I think that Jesus calls out these three areas because they each require us to go beyond ourselves in thinking and in practice. When we approach them as they are intended, there’s not much self-gratification that we can manufacture. Quite honestly, most of these practices are challenging. Giving some of what we have to others, spending time in prayer versus doing other things and not allowing ourselves to be satisfied by some of the very things that give our lives sustenance isn’t for the weak. However, instead of constantly thinking of ourselves and our unmet needs and wants, we turn our focus to God, our need for Him and our desire to be in relationship together.
Sister Joan Chittister writes this about Lent: “Lent is the opportunity to change what we ought to change but have not…Lent is about becoming, doing and changing whatever it is that is blocking the fullness of life in us right now… Lent is a summons to live anew…Lent is the time to let life in again, to rebuild the worlds we’ve allowed to go sterile, to “fast and weep and mourn” for the goods we’ve foregone. If our own lives are not to die from lack of nourishment, we must sacrifice the pride or the sloth or the listlessness that blocks us from beginning again. Then, as (the prophet) Joel (2:12-18) promises, God will have pity on us and pour into our hearts the life we know down deep that we are lacking.”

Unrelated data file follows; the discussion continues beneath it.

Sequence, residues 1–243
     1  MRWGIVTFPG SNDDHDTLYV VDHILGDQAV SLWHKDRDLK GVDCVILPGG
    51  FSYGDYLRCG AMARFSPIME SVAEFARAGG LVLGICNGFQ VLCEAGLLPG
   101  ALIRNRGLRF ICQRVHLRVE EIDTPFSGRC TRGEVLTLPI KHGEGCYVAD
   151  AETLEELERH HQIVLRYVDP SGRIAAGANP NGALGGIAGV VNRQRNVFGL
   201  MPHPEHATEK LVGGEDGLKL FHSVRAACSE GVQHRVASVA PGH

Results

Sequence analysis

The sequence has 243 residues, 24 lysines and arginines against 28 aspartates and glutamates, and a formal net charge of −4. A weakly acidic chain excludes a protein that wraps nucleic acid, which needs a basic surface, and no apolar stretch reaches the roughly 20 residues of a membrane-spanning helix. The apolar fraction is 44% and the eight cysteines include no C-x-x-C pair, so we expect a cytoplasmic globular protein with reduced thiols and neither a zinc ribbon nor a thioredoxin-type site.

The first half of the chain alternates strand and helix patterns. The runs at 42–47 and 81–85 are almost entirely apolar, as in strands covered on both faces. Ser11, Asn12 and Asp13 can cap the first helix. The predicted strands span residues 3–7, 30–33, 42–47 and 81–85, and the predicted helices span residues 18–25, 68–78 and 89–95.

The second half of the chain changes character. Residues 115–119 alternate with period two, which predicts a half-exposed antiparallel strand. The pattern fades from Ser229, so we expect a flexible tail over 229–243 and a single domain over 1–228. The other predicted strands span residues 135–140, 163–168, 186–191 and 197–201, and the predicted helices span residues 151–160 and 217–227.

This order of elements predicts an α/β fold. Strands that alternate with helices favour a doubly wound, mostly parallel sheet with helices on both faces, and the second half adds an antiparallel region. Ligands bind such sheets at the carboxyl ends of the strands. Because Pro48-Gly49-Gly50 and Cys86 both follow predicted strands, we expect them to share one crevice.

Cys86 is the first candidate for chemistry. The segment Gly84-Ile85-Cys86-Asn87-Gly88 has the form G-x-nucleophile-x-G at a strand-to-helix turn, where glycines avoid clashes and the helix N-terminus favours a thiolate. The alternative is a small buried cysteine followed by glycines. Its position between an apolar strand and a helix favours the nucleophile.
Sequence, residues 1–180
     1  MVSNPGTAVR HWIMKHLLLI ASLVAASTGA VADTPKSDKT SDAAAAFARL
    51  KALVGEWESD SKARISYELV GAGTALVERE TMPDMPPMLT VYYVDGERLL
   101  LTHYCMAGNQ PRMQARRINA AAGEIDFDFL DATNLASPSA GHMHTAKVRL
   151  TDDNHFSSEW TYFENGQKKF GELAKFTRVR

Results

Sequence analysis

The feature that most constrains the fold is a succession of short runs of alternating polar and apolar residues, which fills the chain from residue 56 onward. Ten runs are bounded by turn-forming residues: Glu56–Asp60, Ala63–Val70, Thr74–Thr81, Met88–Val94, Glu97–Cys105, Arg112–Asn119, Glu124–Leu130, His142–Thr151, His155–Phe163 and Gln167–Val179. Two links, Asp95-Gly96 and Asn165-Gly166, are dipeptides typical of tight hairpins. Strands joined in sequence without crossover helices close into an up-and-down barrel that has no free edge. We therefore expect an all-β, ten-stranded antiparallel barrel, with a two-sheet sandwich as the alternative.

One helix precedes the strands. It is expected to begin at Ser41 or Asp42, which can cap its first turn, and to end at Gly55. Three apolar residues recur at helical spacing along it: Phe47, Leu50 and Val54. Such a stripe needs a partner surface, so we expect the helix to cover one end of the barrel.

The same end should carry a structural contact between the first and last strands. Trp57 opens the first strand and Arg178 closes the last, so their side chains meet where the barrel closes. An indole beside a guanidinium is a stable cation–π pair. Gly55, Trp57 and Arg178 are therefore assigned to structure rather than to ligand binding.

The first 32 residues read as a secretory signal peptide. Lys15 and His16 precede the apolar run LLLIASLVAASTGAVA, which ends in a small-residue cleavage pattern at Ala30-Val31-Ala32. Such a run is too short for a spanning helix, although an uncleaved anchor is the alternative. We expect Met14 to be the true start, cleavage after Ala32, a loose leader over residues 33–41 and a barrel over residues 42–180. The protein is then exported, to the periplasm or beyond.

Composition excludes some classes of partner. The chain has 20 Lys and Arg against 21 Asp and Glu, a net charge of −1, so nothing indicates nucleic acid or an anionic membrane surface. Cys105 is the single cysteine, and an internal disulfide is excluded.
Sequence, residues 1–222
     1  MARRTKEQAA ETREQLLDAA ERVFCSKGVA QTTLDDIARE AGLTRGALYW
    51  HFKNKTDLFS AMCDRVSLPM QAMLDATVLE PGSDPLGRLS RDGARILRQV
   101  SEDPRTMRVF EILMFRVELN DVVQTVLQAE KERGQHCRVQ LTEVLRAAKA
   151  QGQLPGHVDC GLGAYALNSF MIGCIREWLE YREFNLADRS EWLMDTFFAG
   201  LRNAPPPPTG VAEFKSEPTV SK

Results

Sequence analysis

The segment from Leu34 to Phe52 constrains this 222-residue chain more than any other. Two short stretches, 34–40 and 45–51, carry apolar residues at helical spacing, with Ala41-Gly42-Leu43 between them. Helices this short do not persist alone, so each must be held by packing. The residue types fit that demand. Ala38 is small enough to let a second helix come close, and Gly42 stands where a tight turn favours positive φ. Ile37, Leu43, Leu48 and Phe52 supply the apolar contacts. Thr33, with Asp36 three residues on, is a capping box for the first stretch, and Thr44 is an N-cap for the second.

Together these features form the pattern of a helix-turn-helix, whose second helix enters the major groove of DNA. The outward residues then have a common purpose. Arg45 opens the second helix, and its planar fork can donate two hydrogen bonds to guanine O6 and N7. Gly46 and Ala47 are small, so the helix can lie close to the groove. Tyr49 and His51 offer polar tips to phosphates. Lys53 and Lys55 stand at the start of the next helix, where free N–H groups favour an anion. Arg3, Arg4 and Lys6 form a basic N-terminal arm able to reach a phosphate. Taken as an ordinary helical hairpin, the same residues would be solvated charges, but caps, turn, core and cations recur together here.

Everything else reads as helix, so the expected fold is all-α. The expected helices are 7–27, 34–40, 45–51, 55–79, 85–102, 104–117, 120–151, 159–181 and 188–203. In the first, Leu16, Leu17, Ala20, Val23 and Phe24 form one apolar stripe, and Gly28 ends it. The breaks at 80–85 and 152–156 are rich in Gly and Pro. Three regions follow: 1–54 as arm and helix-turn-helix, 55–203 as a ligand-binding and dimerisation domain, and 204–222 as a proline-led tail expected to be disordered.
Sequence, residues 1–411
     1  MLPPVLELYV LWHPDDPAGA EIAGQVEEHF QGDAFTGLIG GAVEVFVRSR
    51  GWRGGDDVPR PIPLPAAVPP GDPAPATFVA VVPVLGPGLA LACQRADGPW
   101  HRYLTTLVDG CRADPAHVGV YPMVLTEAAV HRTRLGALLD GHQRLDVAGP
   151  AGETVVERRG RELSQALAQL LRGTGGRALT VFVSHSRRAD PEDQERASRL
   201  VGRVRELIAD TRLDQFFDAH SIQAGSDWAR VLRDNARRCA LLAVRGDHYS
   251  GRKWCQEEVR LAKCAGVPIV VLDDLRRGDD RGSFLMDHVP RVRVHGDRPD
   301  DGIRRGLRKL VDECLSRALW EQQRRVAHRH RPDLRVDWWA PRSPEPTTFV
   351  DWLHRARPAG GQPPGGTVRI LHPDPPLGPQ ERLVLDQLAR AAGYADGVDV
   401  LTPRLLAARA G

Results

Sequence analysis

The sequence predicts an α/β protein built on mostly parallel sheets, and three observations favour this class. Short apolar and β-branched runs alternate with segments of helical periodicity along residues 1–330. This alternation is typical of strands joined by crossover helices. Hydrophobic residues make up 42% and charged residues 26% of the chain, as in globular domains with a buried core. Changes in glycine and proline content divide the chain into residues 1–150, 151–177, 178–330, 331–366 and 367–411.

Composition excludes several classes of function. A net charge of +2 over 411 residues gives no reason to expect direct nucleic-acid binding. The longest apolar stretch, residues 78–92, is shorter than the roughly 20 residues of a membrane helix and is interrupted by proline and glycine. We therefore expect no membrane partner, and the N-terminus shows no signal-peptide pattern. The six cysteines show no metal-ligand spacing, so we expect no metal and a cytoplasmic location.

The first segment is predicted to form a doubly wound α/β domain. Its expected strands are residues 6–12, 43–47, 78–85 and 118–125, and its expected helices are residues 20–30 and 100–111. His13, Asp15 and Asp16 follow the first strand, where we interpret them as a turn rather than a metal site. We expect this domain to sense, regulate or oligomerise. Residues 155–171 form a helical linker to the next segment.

God will pour into our hearts the life we know down deep that we are lacking. Does that resonate with you? It does with me, because I know the truth underneath it. Are there parts of your life that are lacking? That you’ve covered up for one reason or another? Or maybe you’re holding on to them for fear of letting go and giving God permission to enter into and embrace? That’s what Lent is about! Yes, it’s about the sacrifice and withholding and even experiencing what some would call suffering, as we walk towards Jesus’ crucifixion. And it’s also about making space for God. Making space for God to enter into places of our lives that are dusty, covered in cobwebs and maybe even boarded up from years and years of self protection and hiding.
What is it within you that needs to experience the fullness of God? What is keeping you from experiencing that life giving fulfillment?
In a few minutes, we will take Holy Communion and then have the opportunity to receive the imposition of ashes. Allow each of these practices to draw you into a posture of repentance and self-denial, thus bringing you closer to God, into a deeper dependence on God. Open yourself to a new start today, as we begin the 40 day journey towards Easter, letting go of old ways of living and seeking to align our will with that of God’s best for our lives. In doing so, may we allow ourselves to be purged of the desires that aren’t aligned with God’s will. May we be freed from those desires and may that freedom, through Christ, bring its own reward.
On this new day, may we begin the Lenten journey towards Jesus’ crucified body on the cross with a deeper desire and more heartfelt motivation to serve, to be in relationship and to offer ourselves and our gifts to God and to others.
Come, Lord Jesus, come.